Better Than the Stock Market: The Best Economic-Development Investment Is Early-Childhood Education Print
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Wednesday, 02 May 2007 02:33

Issue 631 Cover Most everybody agrees that spending money on education is a good thing.

But the "good" that education produces remains abstract enough to citizens and politicians that school spending often takes a back seat to more concrete projects, whether they're roads or sports stadiums or tax incentives designed to directly bring new jobs to a community.

Rob Grunewald, an associate economist at the Federal Reserve Bank of Minneapolis, used to be one of those people who thought that education was important in a vague, general sense. "Invest in your schools. Invest in your colleges and universities, your workforce-training programs, and there you go," he told an audience at the Bettendorf Public Library last week. "You can all go home."

That attitude is fundamentally dismissive, a statement of the obvious.

Then, about five years ago, Grunewald started reading research on the costs and benefits of early-childhood education - pre-kindergarten programs designed to prepare children for school. Based on the research, Grunewald and Art Rolnick - the senior vice president and director of research at the bank - began advocating for increased public and private spending for early-childhood education.

As an economic-development tool.

At the Bettendorf Public Library, in a program sponsored by the Bettendorf Chamber of Commerce titled "The Business Case for Early Childhood Education & Care," Grunewald made some startling assertions:

• Early-childhood education can provide a return on investment greater than the stock market.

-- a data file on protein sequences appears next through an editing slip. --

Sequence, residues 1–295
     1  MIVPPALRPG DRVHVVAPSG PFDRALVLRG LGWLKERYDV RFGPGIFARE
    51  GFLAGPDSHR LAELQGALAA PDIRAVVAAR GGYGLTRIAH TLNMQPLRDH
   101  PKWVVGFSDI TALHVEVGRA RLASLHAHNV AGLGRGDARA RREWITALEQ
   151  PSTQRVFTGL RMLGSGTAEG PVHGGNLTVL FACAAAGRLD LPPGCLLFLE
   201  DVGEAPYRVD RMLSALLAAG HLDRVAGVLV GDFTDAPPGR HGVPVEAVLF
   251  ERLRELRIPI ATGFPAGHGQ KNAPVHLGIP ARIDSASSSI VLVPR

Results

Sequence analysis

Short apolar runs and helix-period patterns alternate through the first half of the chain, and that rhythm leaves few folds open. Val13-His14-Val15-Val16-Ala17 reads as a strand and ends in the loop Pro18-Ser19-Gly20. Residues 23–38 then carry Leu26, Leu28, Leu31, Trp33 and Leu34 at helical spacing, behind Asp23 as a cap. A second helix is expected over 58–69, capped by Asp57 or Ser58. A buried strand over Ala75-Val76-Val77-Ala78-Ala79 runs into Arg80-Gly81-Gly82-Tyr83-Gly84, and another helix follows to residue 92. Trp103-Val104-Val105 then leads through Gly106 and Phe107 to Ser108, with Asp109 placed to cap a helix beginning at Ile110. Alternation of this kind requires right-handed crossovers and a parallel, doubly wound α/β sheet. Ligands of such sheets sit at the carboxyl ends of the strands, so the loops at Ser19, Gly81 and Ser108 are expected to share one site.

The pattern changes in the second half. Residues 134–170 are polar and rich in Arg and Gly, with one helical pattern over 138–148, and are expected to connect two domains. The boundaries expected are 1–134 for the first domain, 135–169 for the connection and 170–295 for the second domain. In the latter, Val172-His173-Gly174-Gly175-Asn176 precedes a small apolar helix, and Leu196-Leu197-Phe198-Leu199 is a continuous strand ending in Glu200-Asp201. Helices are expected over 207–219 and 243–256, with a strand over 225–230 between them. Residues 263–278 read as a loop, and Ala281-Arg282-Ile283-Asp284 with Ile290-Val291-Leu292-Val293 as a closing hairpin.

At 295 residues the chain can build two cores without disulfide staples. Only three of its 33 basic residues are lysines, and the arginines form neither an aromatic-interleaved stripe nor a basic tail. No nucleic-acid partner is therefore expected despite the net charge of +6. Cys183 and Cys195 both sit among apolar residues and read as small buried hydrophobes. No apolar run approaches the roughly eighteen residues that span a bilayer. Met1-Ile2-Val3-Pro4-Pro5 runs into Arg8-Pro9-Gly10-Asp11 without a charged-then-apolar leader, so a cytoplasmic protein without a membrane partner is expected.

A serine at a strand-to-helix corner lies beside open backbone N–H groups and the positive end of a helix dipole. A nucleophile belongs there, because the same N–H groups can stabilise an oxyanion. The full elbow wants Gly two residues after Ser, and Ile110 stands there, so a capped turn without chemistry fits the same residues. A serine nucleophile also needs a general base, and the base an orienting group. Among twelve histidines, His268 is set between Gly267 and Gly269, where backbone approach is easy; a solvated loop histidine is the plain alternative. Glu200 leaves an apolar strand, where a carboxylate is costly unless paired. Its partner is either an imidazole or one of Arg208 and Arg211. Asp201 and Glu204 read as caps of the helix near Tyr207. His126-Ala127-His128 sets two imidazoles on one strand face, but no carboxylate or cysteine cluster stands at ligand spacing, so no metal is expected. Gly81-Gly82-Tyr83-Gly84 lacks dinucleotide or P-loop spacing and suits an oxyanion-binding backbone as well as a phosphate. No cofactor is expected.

• Federal, state, and local governments would be wise to scrap their business-incentive programs in favor of early-childhood education.

• We can expect a better return on investment from early-childhood education than any other type of education.

"On the margin," Grunewald said, "if we're going to invest the next dollar in education and workforce development, we're going to see the highest return if that dollar's invested before children reach kindergarten."


The Three-Year-Old CEO

The research that Grunewald and his colleague cite is not new. What's different is the way that it's being deployed. It's not just education. It's long-term workforce development.

The big picture is that many experts expect a shortage of skilled laborers in the coming decades as Baby Boomers retire. Jim Collins, president of the John Deere Foundation, told the audience in his introduction that half of the Deere & Company workforce has more than 25 years of service.

As a result of an aging population, the size and qualifications of a community's labor force will be major factors in many business-location decisions in the near future. And if workforce development doesn't quite start in the cradle, it can begin pretty soon thereafter. "If we think about how to invest in our workforce going forward," Grunewald said, "this [early-childhood education] is where we can find our edge in economic development."

Grunewald makes a case for early-childhood education as an investment no different from putting money in bonds. Spending money on early-childhood education, he said, pays financial dividends.

The four studies Grunewald and Rolnick reference merely show that early-childhood education programs are effective. The studies show, for example, that at-risk populations that receive early-childhood education are more likely to graduate from high-school on time and are less likely to require special education than at-risk populations without an early-childhood-education program.